Battle Lines

Maryland Votes 2006

September 07, 2006|By Stephanie Desmon | Stephanie Desmon,SUN REPORTER

A week after airing an ad apologizing for remarks perceived as offensive, Comptroller William Donald Schaefer was back in traditional form yesterday, saying primary opponent Janet S. Owens is "getting fat" and "her husband rules her."

Gone was a contrite, almost remorseful Schaefer who debuted in the radio spots. Reappearing at a noon rally in Baltimore yesterday was the outspoken former mayor and governor who has lashed out in recent years at immigrants, non-English speakers and people with AIDS.

"It's turned into a name-calling contest," Schaefer, 84, told reporters following him into Lexington Market at lunchtime. Then he proceeded to call the Anne Arundel County executive a few more, after explaining why he wouldn't apologize for personal remarks he made about her last week.

Yesterday he called Owens' hair "old-fashioned," criticized her clothes and likened the woman 20-some years his junior to a "great-great-grandmother."

"An apology? An apology for what?" he said when someone asked whether one was in order. "I can't help it how she looks."

In an interview yesterday, Owens, 62, called the latest installment of Schaefer's political theater "just pitiful."

"At this stage of the game to be talking about my hair, my dress - it's just totally bizarre and really offensive," she said. "I can't believe he's become so coarse and insulting."

Schaefer hasn't lost an election in 50 years, but he finds himself locked in one of the most difficult political fights of his career. Two primary challengers, Owens and Del. Peter Franchot of Montgomery County, are arguing that it is time for fresh leadership in the critical state office.

Polls show the race is tight.

With six days until the primary, Schaefer spent a little time telling well-wishers why he should get four more years as the state's chief tax collector and much more time on personal barbs.

His campaign manager, Laslo Boyd, insisted that Schaefer is just being Schaefer, doing the things that have won him friends and foes for decades:

"This race will rest entirely on whether voters are more focused on the comments that annoy them or on his record in office."

Keith Haller, whose Bethesda firm conducts polls for The Sun, said that, politically speaking, Schaefer's latest conduct isn't coming out of any political playbook he is familiar with. He said rivals often disparage one another's records, one another's truthfulness, even one another's morality. But their looks?

"It's inconceivable, it's unimaginable that someone in this late stage [of a campaign] would become so personally nasty. You don't win votes on that basis," he said. "You can't allow a candidate - no matter how well-established - to just self-destruct. ... It's so beyond the boundaries of acceptable politics.

"He may have read the tea leaves and decided he's not going to win and so he's going to go down with all guns blazing."

A July poll conducted by Haller's Potomac Inc. showed Schaefer with 31 percent of the vote among likely primary voters and Owens with 22 percent. Franchot was polling at 11 percent, with more than one in three voters undecided.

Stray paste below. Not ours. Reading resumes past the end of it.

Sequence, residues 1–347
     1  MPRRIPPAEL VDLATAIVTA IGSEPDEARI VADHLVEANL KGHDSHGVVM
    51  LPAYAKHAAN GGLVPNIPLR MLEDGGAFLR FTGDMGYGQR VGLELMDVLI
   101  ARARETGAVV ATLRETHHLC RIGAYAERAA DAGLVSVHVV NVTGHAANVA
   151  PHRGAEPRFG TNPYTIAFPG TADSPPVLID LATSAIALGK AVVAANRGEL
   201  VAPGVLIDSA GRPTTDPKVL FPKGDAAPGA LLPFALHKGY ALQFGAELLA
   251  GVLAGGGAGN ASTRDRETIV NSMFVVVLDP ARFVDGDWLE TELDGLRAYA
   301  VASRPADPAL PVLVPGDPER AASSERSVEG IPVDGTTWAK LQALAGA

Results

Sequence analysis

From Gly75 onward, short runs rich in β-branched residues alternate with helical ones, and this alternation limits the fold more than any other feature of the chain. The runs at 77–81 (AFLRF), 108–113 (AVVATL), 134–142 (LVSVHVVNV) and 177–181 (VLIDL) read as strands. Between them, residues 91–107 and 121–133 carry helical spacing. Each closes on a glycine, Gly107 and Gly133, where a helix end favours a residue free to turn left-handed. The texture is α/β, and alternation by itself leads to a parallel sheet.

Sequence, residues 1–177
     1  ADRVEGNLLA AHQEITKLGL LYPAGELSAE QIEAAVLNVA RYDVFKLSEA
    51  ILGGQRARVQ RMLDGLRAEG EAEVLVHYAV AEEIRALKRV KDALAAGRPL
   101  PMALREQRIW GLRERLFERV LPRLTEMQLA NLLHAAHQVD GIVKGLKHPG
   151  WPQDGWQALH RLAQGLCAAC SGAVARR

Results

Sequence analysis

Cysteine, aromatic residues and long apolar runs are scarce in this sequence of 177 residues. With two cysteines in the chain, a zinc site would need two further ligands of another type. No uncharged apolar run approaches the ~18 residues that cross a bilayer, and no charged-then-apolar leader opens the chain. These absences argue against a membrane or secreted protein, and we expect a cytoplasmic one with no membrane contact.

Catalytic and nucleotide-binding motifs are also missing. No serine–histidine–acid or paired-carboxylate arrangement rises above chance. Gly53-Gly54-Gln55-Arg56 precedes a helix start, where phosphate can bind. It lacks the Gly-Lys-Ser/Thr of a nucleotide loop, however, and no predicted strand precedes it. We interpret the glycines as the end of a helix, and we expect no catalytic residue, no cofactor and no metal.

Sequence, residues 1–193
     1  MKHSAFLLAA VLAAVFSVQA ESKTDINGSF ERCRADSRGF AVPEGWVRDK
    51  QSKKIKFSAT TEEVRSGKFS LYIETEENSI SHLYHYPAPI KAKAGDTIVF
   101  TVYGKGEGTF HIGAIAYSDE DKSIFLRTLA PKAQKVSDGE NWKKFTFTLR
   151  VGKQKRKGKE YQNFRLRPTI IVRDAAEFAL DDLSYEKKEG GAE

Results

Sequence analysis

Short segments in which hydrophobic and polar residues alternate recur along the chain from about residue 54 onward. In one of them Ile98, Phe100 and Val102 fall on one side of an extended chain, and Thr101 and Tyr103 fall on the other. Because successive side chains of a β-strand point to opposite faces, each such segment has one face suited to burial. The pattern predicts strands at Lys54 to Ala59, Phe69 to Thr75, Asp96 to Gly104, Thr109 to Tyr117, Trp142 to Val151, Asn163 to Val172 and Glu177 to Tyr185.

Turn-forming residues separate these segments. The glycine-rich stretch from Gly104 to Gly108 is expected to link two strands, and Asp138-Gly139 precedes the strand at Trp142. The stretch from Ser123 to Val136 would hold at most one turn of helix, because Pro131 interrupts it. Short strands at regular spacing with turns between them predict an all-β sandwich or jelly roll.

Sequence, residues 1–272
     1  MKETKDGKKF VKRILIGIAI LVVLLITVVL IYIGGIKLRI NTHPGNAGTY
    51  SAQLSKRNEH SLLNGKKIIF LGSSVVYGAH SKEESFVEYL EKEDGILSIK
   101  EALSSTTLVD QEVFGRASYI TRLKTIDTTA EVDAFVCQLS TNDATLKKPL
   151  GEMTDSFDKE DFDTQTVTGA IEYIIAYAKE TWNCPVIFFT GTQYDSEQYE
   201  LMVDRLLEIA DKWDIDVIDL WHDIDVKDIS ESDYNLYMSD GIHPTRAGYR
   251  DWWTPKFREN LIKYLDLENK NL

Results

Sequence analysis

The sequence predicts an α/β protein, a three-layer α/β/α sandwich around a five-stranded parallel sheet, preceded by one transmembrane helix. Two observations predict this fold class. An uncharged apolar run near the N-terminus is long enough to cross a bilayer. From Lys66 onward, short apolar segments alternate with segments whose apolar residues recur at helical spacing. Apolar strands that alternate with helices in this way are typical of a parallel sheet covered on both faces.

Other polls since then suggest the race has grown closer.

Schaefer insisted yesterday that Owens is the one who started what he called "dirty politics" when she likened him to a grandfather during a May radio interview. He took that as a swipe at his age. "She doesn't like older people," he said. "Look at her. She's not so young herself."

Owens said yesterday that she was comparing the conversation she had with Schaefer telling him she would run against him to telling your grandfather it was time to give up the car keys.

At a Takoma Park news conference yesterday to receive endorsements from nearly 100 female legislators and community activists from Montgomery County, Franchot said of Schaefer:

"This is way beyond any kind of normal political discourse. He's clearly not in control of what he's saying. It's a sad end to a colossus. I call him the Babe Ruth of Maryland politics. [But] even Babe Ruth had a terrible last year."

While the office of comptroller is relatively obscure, the person who holds it is one of three voting members - along with the governor and state treasurer - on the state Board of Public Works, which approves most state spending. Schaefer frequently uses bimonthly board meetings as a soapbox for his views, which of late have drawn heavy criticism.

Earlier this year, he was roundly condemned for making suggestive comments to a female aide who had just given him a mug and walked away, commanding her to return and then "Walk again" as he watched.

In recent years, it seems few have been immune from his remarks. He once called for a registry of AIDS patients, calling them a "danger" who "bring it on themselves." Prompted by a visit to a McDonald's, he issued a tirade about immigrants, saying they should learn to speak English.

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